Why do cats ‘run away from home?’

The question looks wrong to me but is taken from Google. The phrase ‘to run away from home’ is used for kids running away for a range of reasons. The phrase does not apply to cats. To try and fit the phrase into cat behaviour is to anthropomorphise cats. It doesn’t really work properly. That’s because the phrase implies that a child deliberately runs away from something unpleasant which is happening in the family home. It may be an argument with his or her parents or something is very dissatisfying for a teenager and they want to escape their current life and home. There must be a multitude of reasons, some of them rational and many of them irrational as to why a child runs away from home to an uncertain and perhaps dangerous world.

Two useful tags. Click either to see the articles: Toxic to cats | Dangers to cats

HUMPHREY THE CAT. Photo: Reddit.com. Humphrey was the mouser at No. 10 Downing Street and he wandered away from home to an army barracks about 1.5 miles away for no apparent reason.

Domestic cats do not wander away from home (a different concept to ‘running away’) necessarily because they are leaving an environment which is unpleasant for them, it may be because they want to live in the wild, outside of the family home. Or they might migrate from one good home to a slightly better one or even a different one which they prefer to the other.

Although it is fair to say that sometimes domestic cats do leave their home because of the attentions of a stranger cat. And sometimes domestic cats return home after they been relocated to a new place. This happens quite a lot. They become familiar with and settled into their home range so when their owner moves with them, they want to return to their home range and if it is not too far away, they might attempt to do this. It looks like they are running away but they are simply going back to their home. Eventually they’ll adjust but their instinct pulls them back.

Domestic cats do sometimes drift apart from their owner for various reasons and in doing so they may visit another home where they are well treated and fed. This encourages them to go back to that place. Let’s remember that domestic cats don’t have a concept of ownership or possession. They are not voluntarily and deliberately leaving one “owner” to live with another. They regard their owner as perhaps their surrogate mother or a co-specific (and associate in their life) so they might not be wedded to them because an adult cat is essentially independent in terms of how they develop if they were developing in the wild.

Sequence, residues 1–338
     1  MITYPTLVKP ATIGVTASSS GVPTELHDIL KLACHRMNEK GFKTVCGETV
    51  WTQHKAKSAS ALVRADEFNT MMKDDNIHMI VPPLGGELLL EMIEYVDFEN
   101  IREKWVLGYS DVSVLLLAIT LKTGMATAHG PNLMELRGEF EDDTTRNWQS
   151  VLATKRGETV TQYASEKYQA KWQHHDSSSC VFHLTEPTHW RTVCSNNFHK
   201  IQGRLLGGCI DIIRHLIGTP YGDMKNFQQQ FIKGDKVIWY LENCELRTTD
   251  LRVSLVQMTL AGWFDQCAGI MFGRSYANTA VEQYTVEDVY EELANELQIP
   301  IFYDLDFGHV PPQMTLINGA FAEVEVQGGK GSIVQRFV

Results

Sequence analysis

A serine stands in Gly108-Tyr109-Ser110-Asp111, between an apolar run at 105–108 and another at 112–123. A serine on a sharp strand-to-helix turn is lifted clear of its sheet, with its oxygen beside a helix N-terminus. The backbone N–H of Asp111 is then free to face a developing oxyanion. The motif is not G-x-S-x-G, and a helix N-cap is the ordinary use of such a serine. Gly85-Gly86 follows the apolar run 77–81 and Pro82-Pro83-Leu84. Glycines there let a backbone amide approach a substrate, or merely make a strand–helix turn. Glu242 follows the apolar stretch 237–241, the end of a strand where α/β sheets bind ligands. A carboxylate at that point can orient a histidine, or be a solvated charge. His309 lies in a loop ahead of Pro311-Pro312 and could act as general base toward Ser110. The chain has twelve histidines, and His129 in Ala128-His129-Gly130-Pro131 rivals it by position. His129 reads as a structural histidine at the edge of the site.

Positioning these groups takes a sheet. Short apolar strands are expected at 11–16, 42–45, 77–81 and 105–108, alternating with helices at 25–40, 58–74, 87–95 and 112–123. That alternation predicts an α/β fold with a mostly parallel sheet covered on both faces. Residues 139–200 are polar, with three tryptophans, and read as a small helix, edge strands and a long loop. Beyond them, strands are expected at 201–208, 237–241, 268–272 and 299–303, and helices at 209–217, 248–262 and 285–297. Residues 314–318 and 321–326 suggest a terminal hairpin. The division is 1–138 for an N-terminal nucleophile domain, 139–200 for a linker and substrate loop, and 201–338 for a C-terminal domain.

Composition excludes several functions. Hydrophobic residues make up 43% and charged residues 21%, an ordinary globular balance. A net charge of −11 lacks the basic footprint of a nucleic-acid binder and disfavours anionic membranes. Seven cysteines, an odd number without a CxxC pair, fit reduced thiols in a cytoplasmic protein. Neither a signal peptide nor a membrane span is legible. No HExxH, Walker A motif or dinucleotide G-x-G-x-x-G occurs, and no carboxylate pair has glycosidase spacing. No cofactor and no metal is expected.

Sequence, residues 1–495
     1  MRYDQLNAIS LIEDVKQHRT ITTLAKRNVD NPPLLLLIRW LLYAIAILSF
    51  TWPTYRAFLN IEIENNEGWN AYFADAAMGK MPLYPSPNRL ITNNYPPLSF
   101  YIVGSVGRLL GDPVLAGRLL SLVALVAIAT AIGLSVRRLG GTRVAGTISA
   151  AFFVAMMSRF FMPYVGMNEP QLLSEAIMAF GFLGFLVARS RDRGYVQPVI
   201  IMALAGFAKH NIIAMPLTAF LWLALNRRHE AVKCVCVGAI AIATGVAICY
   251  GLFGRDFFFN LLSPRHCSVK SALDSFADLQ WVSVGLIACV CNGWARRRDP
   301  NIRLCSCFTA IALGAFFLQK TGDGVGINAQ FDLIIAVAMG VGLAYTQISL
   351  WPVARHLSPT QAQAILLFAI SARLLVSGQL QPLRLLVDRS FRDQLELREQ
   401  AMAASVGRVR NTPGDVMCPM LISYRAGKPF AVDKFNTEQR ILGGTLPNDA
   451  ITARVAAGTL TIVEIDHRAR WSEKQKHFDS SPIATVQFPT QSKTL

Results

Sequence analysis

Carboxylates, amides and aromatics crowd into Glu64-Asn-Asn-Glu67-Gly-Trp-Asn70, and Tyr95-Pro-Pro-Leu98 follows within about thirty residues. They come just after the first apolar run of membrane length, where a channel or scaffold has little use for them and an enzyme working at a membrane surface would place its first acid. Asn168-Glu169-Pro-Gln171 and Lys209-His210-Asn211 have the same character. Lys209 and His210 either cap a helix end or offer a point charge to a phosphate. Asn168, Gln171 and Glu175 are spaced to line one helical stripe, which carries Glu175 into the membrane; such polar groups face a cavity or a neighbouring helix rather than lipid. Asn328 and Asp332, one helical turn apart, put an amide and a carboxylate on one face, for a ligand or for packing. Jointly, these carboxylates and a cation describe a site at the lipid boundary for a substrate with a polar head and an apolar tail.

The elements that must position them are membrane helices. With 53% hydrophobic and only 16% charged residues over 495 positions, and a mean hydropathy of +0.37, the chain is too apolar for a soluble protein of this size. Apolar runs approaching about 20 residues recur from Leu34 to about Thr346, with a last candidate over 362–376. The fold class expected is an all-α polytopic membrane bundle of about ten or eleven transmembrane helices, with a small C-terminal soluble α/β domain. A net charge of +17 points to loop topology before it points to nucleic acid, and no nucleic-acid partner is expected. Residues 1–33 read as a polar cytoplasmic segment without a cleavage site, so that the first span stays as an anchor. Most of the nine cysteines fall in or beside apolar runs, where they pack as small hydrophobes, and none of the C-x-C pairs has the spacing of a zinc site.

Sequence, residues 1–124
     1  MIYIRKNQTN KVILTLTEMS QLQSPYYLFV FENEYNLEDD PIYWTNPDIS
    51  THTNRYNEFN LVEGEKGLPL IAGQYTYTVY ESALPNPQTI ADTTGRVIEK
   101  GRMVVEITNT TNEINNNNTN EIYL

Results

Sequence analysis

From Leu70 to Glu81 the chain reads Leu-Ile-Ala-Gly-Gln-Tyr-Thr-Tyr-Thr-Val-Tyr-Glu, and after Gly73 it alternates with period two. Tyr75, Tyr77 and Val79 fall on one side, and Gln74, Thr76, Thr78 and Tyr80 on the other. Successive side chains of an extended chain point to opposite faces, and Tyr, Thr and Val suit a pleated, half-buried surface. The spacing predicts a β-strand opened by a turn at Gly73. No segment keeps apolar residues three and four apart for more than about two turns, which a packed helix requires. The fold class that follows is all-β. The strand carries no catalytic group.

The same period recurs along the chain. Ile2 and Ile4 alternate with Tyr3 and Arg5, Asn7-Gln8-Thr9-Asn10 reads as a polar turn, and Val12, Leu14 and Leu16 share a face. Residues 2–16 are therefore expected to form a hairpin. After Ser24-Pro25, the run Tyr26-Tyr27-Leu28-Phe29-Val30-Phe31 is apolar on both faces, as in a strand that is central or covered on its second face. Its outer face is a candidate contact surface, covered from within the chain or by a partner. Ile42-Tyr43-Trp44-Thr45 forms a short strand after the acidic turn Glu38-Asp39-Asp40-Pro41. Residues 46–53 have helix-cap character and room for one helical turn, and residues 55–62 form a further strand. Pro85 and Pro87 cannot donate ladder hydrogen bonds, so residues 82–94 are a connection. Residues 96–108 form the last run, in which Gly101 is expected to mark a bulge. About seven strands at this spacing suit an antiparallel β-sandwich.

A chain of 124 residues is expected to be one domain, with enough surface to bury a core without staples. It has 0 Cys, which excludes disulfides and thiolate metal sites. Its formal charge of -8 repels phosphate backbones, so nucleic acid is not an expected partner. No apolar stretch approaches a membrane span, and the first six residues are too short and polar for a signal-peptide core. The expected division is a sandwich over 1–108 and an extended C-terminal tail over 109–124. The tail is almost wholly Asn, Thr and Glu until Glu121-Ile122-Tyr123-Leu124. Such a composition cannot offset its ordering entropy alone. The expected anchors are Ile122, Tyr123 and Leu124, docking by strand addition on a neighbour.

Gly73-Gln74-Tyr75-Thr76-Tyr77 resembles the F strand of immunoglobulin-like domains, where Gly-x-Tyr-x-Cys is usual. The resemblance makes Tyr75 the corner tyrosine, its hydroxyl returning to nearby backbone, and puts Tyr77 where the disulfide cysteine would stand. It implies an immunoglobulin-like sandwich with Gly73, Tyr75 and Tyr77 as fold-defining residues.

Useful links
Anxiety - reduce it
FULL Maine Coon guide - lots of pages
Children and cats - important

Adult cats are kept within a home because they develop a kitten mentality as they are fed and looked after by a human. But they might ‘up sticks’ and live in another home because they’ve visited it a number of times and found it acceptable. Once again, I stress, this is not escaping or running away but simply migrating and gently moving across to a new place. They might just as easily migrate back or if returned be content to remain in their original home.

And, yes, sometimes domestic cats end up becoming stray cats and then feral cats. This is because the owner perhaps is a little careless in discharging their responsibilities and so they allow their cat to wander around outside a lot where they gradually learn to live outside. The cats might be unsterilised and therefore they give birth to unsocialised kittens who become feral cats.

Perhaps the biggest difference between a teenager running away from home and a cat leaving the home of their own accord is that the former is normally a sudden event although the child may have thought about it for quite a long time, and the latter is a gradual event normally which then gels after a transition period. And cats don’t leave their home, which is their home range in technical language, because of emotional upset which applies to kids but because of an instinctive desire to move to a better area which suits their personality. That’s my personal interpretation of this phrase, “to run away from home” and how it applies to cats and people.

I have got to mention exotic cats such as the serval. Many servals escape the home. They are indeed running away from home just like kids in complete contrast to domestic cats in my opinion. They run away from home because they are confined to a space which is much smaller than desired and much too artificial. Their wild cat tendencies drive them to escape their owner’s house which then immediately puts him into conflict with neighbours when they invariably end up in a bad situation which can lead to their death.

I’d appreciate your input please.


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Useful tag. Click to see the articles: Cat behavior

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Michael Broad

Hi, I'm a 74-year-old retired solicitor (attorney in the US). Before qualifying I worked in many jobs including professional photography. I love nature, cats and all animals. I am concerned about their welfare. If you want to read more click here.

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